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1. Define Economics. What is an Economic Problem?

Economics is a social science concerned with the production, distribution and

consumption of goods and services. It studies how individuals, businesses, governments
and nations make choices on allocating resources to satisfy their wants and needs, and
tries to determine how these groups should organize and coordinate efforts to achieve
maximum output.

The economic problem sometimes called the basic or central economic problem
asserts that an economy's finite resources are insufficient to satisfy all human wants and
needs. It assumes that human wants are unlimited, but the means to satisfy human
wants are scarce.

Though unrelated...

Quote- The World is enough for everybodys needs but not for everybodys Wants.

2. Explain the Scarcity Principle with an example .

Scarcity refers to the basic economic problem, the gap between limited that is,
scarce resources and theoretically limitless wants. This situation requires people to
make decisions about how to allocate resources efficiently, in order to satisfy basic
needs and as many additional wants at possible. Any resource that has a non-zero
cost to consume is scarce to some degree, but what matters in practice is relative
Also referred to as "paucity."


In his 1932 Essay on the Nature and Significance of Economic Science, British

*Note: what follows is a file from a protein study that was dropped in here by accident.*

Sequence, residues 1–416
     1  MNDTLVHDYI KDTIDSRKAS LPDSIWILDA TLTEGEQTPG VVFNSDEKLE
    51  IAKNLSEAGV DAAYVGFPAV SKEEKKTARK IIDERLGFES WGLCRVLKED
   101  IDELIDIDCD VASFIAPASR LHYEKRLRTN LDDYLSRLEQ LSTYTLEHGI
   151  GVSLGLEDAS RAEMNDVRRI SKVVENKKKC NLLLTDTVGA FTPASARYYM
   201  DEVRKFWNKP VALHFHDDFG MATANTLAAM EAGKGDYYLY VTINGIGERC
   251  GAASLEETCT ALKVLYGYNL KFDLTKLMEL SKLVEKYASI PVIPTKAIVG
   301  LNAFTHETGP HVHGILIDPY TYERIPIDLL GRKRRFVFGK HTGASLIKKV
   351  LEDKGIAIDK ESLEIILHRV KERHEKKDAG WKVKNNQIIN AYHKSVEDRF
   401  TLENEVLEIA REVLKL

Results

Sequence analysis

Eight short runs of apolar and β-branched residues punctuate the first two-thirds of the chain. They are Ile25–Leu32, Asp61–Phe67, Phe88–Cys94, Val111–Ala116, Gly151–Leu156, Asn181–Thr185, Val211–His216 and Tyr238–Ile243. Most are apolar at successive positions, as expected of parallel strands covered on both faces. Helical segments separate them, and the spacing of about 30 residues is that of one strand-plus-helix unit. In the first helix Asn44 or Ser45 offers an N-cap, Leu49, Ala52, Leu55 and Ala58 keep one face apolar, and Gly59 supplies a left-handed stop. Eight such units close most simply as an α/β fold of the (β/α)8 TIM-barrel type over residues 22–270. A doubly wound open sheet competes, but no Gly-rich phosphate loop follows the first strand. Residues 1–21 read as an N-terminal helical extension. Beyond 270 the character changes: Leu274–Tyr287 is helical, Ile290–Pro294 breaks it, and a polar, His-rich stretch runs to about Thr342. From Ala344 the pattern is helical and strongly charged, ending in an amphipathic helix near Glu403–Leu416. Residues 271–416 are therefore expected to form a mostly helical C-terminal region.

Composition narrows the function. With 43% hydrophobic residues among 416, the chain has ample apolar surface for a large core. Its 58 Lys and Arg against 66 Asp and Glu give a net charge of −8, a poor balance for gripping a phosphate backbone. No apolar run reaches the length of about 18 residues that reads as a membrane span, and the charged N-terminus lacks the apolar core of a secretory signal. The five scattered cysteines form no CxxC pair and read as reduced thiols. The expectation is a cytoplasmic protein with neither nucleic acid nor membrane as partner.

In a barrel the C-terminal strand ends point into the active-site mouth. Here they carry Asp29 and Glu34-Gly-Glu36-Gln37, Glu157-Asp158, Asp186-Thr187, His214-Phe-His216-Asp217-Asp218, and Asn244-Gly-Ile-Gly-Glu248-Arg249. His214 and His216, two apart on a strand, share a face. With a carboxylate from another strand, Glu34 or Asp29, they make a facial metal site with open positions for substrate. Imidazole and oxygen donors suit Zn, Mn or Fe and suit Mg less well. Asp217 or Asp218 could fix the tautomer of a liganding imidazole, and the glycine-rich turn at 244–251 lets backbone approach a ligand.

economist Lionel Robbins defined the discipline in terms of scarcity:

Economics is the science which studies human behaviour as a relationship

between ends and scarce means which have alternative uses.

In a hypothetical world in which every resourcewater, hand soap, expert

translations of Hittite inscriptions, enriched uranium, timewas abundant,
economists would have nothing to study. There would be no need to make decisions
about how to allocate resources, and no tradeoffs to explore and quantify. In the
real world, on the other hand, everything costs something; in other words, every
resource is to some degree scarce.

3. Explain the Cost-Benefit Principle with an example .

1 The cost benefit principle is an accounting concept that states benefits from an
accounting system should always outweigh the costs associated with it

2 Ie, to, Take no action unless its marginal benefit is at least as great as its marginal

3 An individual (or a firm or a society) should take an action if, and only if, the extra
benefits from taking the action are at least as great as the extra costs.

4. Define the following terms.

a. Reservation Price

Reservation (or reserve) price is a term referring to a limit on the price of a

good or a service. On the demand side, it is the highest price that a buyer is
willing to pay; on the supply side, it is the lowest price at which a seller is
willing to sell a good or service

b. Opportunity Cost

Opportunity costs can also be thought of as the resources lost, or alternate

products forgone, through taking a particular action or producing a certain
product. The lost resources could be time, effort, money, goods, etc.

c. Marginal Cost

This can be compared with average total cost or ATC, which is the
total cost divided by the number of units produced and does include
fixed costs. For discrete calculation without calculus, marginal cost equals the
change in total (or variable)cost that comes with each additional unit

d. Marginal Benefit

A marginal benefit is the additional satisfaction or utility that a person

receives from consuming an additional unit of a good or service. A
person's marginal benefit is the maximum amount he is willing to pay to
consume that additional unit of a good or service.


N. Gregory Mankiw, Principles of Economics (Mankiw's Principles of Economics) 6th

Edition, ISBN-13: 978-0538453059, ISBN-10: 0538453052.